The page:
Neil Mitchell on Trump vs the Media

The inauguration of Donald Trump has ushered in a brave new world for those working in the media.

Trump’s election phrases of ‘fake news’ and ‘dishonest media’ have taken on a new meaning as the new US president attempts to control information to reflect his agenda.

The quibbling about the size of his inauguration crowd and attacks on news outlets at a CIA briefing and middle of the night Tweets are but the tip of the iceberg.

His team’s defence of his claims as ‘alternative facts’ and a direction from his chief strategist Steve Bannon for the media to ‘keep its mouth shut’ have displayed contempt for traditional media outlets.

Throw in the dismissal of the polling results, leaks from within the White House, the breath-taking invention of the Bowling Green Massacre and an attack on the media for (allegedly) not giving enough coverage of IS attacks and we have an administration running to its agenda.

By its own admission, the Trump administration is now treating the media as the ‘opposition party’ in the US. And we’re not yet a month into his four-year term as President.

But what does that mean for media relations in Australia? Will we see an attempt to hijack the media by our political leaders?

To 3AW’s Neil Mitchell, developments in the US are no real surprise and are the result of a “disconnect” between media and the American people.

“It strikes me that he knows his base pretty well and he’s playing to his base. And that’s why he’s using Twitter like he does. I think it’s going to end badly, but he knows his base.

“I very much get the impression that they (the media) have gone after him and not just editorially. It’s personal.  And you can understand why, but it just adds to the divide.

“Trump supporters saw that he wasn’t being treated fairly and said ‘yeah, he’s right. He’s being Crucified’, and he’s used that”.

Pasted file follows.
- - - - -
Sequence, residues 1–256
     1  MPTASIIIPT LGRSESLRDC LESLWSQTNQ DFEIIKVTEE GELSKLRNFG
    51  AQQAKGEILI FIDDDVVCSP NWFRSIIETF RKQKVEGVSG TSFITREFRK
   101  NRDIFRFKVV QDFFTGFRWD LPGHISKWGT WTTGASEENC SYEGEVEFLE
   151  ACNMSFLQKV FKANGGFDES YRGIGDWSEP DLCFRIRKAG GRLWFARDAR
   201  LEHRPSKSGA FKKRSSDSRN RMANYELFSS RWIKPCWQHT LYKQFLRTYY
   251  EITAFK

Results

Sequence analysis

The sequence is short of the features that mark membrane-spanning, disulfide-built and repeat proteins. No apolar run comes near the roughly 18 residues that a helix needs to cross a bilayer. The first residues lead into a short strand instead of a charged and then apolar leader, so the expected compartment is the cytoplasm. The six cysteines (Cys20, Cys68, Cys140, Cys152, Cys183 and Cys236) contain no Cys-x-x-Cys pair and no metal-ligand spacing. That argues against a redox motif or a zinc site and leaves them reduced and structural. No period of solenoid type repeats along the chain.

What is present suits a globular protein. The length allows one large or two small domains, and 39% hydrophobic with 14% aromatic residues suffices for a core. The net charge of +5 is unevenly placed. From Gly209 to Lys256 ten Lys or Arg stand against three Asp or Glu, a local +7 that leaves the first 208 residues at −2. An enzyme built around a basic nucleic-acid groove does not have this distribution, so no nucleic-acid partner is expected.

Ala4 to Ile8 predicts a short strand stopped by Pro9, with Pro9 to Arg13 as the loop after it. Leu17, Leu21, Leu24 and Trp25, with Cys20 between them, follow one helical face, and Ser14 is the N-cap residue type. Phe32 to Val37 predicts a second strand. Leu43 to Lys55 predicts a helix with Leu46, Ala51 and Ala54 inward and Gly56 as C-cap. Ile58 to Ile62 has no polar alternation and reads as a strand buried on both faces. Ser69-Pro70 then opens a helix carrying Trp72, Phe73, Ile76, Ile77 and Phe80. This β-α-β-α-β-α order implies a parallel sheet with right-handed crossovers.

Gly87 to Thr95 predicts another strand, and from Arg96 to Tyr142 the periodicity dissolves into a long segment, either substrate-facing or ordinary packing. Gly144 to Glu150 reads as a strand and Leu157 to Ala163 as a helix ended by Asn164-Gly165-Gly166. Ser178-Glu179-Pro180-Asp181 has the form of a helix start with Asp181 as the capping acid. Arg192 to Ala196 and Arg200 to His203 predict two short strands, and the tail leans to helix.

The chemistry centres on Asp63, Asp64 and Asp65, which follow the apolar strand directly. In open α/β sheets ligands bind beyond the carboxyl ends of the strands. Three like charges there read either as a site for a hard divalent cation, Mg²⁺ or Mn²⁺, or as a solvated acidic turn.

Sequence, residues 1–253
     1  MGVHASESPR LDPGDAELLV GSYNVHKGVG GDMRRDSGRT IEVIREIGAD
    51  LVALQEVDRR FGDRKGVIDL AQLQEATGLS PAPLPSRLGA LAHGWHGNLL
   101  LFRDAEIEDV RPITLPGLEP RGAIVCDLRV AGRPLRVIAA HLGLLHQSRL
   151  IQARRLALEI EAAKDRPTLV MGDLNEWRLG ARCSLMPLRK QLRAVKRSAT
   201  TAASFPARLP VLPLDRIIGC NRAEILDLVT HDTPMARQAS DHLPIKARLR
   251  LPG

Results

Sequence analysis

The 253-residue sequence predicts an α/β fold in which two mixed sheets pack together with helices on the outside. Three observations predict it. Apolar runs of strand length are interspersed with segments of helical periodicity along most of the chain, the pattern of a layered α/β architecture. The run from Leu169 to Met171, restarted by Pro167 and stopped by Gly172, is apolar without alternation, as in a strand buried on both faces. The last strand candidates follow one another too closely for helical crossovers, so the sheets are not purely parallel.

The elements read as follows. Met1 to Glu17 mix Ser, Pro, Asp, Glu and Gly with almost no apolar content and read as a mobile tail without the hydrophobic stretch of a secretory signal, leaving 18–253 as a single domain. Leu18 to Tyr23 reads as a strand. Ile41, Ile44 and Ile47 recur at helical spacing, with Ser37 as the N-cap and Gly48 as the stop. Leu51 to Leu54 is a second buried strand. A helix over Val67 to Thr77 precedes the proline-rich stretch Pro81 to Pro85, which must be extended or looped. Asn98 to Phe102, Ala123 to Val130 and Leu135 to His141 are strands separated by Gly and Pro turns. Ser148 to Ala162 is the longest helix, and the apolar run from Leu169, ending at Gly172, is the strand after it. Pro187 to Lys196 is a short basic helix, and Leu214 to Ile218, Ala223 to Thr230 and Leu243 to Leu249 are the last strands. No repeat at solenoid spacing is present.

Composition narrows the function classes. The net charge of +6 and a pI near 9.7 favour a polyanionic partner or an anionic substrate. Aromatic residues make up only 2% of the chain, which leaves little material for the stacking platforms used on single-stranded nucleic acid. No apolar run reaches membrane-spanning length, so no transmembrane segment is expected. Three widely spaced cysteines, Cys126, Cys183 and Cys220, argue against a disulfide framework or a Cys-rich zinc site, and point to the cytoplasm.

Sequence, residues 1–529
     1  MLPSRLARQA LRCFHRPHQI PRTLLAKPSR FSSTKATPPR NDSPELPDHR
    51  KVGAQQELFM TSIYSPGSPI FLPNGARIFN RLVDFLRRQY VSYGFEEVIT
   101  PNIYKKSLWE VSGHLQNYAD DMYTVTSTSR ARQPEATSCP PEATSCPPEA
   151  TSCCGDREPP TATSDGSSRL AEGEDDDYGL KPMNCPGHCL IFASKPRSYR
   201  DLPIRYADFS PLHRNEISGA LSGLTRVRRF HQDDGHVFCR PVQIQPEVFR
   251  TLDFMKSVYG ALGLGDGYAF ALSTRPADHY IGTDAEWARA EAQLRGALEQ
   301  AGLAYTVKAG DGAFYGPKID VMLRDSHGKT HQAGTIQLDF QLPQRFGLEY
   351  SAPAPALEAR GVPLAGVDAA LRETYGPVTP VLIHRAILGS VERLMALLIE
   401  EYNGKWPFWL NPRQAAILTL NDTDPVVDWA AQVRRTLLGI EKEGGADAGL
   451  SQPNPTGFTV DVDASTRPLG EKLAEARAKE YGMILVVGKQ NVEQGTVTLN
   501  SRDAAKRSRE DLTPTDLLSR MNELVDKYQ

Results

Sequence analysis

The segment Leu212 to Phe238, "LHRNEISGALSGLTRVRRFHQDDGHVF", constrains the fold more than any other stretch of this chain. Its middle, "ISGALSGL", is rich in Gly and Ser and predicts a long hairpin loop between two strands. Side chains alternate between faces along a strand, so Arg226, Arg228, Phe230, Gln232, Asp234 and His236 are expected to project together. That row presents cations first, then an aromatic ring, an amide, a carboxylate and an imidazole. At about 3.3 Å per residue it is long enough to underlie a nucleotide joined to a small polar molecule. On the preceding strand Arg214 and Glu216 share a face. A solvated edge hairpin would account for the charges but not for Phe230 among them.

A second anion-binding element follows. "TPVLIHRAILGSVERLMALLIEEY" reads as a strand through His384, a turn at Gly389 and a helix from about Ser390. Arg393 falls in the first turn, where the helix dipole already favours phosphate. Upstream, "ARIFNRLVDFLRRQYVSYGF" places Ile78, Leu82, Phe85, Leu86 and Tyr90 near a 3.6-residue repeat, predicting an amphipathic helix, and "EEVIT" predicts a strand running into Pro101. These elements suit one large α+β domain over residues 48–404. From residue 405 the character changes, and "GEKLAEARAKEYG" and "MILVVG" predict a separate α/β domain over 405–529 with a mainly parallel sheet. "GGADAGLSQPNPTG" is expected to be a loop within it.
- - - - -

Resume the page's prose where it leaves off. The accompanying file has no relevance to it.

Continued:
“And there’s this belief, and I cop it occasionally from the audience, that there’s a conspiracy to silence them and swamp them with political correctness.”

Mitchell pulls no punches in his assessment of where it all went wrong both here in Australia and in the US. The veteran broadcaster believes the media has broken its contract with the audience, allowing the ‘false news’ cynicism to take root.

“We keep talking about this disconnect with politicians, well I think there’s a pretty big disconnect with the media. I think a lot of people have been operating for too long with their heads up their bums.

“Look at current affairs TV. It’s basically crap, and a lot of it is irrelevant to the audience because they feel that they’re being patronised or lectured to. I think that’s happened in the United States and I think it’s happening here.”

For Mitchell, getting back to basics will help repair the fractured relationship with the audience and restore trust in the media.

“I think the only thing you can do is rebuild that relationship. You rebuild the trust so that they know you’re working for them and talking with them and not at them.

“We try to do it by campaigning on little issues for the little guy. You know, the ‘average’ person, who comes along and says ‘can you help me with this’. If you fight for them, you earn their trust.

“There are still some in talk radio who will set the agenda according to what they think people should be interested in, rather than what people ARE interested in. We’ve got to realise that people are sceptical and stop treating them as stupid.”

Mitchell also believes we need to temper the attacks or risk fuelling the scepticism that can be exploited by the likes of Trump and Pauline Hanson.

“Look, they went after Trump, and the same thing happened with Pauline Hanson the last time she was elected. People really went after her. There was that 60 Minutes ‘please explain’ thing.  They mocked her and the more they did that, the stronger she got.

“I remember John Howard making the point; she’s been legitimately elected, and you’ve got to stop mocking her because that will only strengthen her”.

With the outrageous comments made by Trump or on behalf of the US President, the natural inclination is to ‘take the piss’. While we can back off on the ‘mockrage’ of Trump, there is still a need to report on and respond to the President’s actions and policy decisions.

“We need to report fairly and analyse at length, but you don’t need to persecute him, and that’s what some of the media in the US has been doing.

“You can see why.  I think the bloke is a disaster and a real problem, but he’s still the democratically elected President of the United States.  We’ve got to try to treat what he says and does with a degree of fairness.  If you reckon he’s wrong, you go after him, but you’ve got to be fair.”


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